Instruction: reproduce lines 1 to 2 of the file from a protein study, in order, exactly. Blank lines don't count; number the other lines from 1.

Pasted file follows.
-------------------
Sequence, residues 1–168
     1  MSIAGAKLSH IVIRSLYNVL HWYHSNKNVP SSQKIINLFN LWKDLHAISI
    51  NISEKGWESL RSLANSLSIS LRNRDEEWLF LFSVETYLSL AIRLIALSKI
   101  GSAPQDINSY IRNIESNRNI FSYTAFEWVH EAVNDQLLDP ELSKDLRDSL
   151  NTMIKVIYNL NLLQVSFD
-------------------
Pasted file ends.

Sequence, residues 1–168
     1  MSIAGAKLSH IVIRSLYNVL HWYHSNKNVP SSQKIINLFN LWKDLHAISI